By Heather Perry
Those who can – do. Those who can’t – teach. Well that’s not always the case.
For junior Craig Chamberlain, it was a conscious choice not to become a varsity baseball player at Pacific Lutheran University.
“Trust me,” he said. “I wanted to play here. Still do, but I have other priorities.”
Those other priorities, including Chamberlain’s double major in math and computer science, steered him away from what he deemed the expected course for many high school athletes.
Instead, Chamberlain chose to get involved on campus with Residential Life, Red Carpet Club, intramural sports and now a club sport.
“I’m a student leader in a different aspect,” Chamberlain said.
His involvement on campus “speaks to his character,” junior Taylor Carlisle said. The two met during Scholarship Weekend their senior year of high school, and found out their fathers both work for the Salem-Keizer Public Schools in Oregon.
“A lot of people on first impression when they hear about him think he’s the typical nice guy,” Carlisle said. “He’s beyond a nice guy, and part of it’s what he learned in sports, actually.”
Chamberlain began playing sports near the end of elementary school and continued through high school with football and baseball, eventually completing fall ball with PLU’s baseball team before deciding not to play.
“The decision was entirely his,” Craig’s father Chuck Chamberlain said, “yet as parents we wanted him to know that we supported whatever decision he made.
“It was also important for us to help him see both sides of the issue. The number one thing that we wanted him to have was to enjoy the university experience, and if athletics got in the way of that – and his ability to develop his academics – then he needed to reconsider.”
Craig Chamberlain attributes part of this decision to the example set by his father, who made the same decision when faced with similar circumstances.
He said his father had a full-ride scholarship for baseball to a Division I school, but decided not to play for the same reasons – something Craig Chamberlain said he admired.
His father ended up coaching high school basketball for 26 years, winning numerous awards along the way, Craig Chamberlain said. This gave him the example of someone who didn’t need to be a varsity athlete at the university level in order to be a great coach.
Chuck Chamberlain also referenced how his son’s outlook “dramatically changed” after he made the decision not to become a varsity baseball player.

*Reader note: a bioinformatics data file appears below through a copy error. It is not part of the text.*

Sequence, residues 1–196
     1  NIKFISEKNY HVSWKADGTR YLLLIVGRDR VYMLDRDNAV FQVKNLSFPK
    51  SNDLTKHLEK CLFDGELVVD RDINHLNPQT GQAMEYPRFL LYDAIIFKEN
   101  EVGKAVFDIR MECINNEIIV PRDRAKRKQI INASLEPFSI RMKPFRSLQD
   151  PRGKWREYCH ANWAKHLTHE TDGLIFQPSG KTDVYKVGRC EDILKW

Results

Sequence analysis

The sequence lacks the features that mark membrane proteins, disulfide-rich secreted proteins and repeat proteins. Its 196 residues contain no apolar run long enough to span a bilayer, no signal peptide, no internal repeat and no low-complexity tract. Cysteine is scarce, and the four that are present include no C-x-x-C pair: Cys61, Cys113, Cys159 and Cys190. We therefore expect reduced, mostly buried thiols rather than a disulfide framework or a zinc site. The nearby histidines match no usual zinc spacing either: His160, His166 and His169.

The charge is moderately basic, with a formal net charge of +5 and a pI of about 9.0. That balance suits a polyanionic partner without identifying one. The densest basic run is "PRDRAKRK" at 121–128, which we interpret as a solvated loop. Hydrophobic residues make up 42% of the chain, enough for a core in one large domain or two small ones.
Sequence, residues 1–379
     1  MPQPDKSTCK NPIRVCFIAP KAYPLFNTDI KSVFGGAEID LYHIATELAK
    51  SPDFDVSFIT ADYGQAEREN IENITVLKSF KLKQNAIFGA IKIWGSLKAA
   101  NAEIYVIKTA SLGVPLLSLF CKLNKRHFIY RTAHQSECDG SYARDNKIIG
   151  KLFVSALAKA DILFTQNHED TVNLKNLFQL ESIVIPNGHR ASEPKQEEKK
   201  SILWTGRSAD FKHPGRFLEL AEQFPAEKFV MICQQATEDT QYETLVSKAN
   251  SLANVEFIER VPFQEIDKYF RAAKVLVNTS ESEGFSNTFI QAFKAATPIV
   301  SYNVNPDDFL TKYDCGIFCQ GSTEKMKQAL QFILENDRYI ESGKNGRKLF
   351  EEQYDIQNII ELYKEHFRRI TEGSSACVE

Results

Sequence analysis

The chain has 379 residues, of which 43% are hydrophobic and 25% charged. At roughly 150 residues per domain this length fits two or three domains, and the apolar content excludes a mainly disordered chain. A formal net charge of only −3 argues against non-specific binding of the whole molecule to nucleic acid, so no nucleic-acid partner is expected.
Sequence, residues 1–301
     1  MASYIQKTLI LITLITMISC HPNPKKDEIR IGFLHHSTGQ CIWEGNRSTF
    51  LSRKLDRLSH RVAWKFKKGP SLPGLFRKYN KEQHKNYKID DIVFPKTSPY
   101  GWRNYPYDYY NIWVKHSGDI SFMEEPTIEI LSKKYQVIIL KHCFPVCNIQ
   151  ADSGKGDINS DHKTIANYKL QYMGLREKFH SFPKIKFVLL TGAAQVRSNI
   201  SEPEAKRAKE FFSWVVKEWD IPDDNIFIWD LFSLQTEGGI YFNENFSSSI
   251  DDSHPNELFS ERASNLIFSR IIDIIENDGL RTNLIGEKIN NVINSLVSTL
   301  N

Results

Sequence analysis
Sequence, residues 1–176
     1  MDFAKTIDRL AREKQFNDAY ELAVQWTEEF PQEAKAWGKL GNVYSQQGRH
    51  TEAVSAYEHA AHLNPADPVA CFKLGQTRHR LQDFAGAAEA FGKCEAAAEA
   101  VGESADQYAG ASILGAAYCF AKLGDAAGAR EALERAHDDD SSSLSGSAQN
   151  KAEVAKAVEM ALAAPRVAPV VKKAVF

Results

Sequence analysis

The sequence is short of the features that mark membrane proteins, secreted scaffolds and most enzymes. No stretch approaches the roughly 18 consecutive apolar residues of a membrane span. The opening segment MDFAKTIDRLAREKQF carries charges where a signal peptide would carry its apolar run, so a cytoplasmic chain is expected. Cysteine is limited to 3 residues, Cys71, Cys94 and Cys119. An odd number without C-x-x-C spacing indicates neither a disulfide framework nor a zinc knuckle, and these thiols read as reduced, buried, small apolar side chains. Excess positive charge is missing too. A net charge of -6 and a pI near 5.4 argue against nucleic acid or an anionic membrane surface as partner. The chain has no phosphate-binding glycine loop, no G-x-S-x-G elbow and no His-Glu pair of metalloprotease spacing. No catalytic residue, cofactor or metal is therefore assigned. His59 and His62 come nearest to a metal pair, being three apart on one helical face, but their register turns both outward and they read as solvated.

“When I stopped playing baseball here I really had nothing to do,” Craig Chamberlain said. “So I just kind of looked around and had friends who were playing intramurals. They invited me to play on a team.”
He also attributes his interest in intramurals to the encouragement from his older brother and sister, both of whom attended PLU.
“I’ve always been told by my brother and sister who went here that ‘you have to play intramurals,’” Craig Chamberlain said, “whether you’re playing a varsity sport or not, because it’s a lot more fun.”
Although Craig Chamberlain had limited experience in certain sports, Carlisle said Craig Chamberlain was adamant about not letting himself be limited by that experience.
“It’s ridiculous how athletes can pop out of nowhere,” Craig Chamberlain said, referencing an intramurals teammate with no prior sports experience. He then emphasized that intramurals are always an option for those who don’t play a varsity sport, although it’s not nearly as competitive.
Craig Chamberlain now tries to play in every co-ed league and began organizing his own teams last year, including one that won the softball intramurals – earning themselves a t-shirt. Craig Chamberlain recalled their win by humbly describing his 2-out grand slam in the finals, attempting to downplay his achievement.
“Um… down by four I hit a grand slam in the bottom of the last inning with two outs,” Craig Chamberlain said. His home run forced the game into extra innings, allowing his team to eventually overtake their opponents.
This year he plans to join the Men’s Ultimate club team, but he said his sights are ultimately set on becoming a high school math teacher and baseball coach after exploring the world.
“That’s kind of my destiny,” Craig Chamberlain said.
In this role he hopes to mentor athletes, paying it forward for future generations, similar to what his mentors – in particular his father – were able to achieve.
“The education profession needs young, motivated individuals,” Chuck Chamberlain said.
He added that if it was something Craig wanted to do then he should go for it.
“Not only have my parents joked about giving Craig a job,” Carlisle said, “but he would be well fit for it. The only thing we need is more teachers and coaches like Craig who are doing it out of pure enjoyment.”
Chuck Chamberlain echoed this: “Craig is a very positive, hard-working, fun-loving individual. He thoroughly enjoys being around people.”
Craig Chamberlain said that coaching is “the next best thing” to playing.
It turns out that those who can – don’t have to. They choose their own path.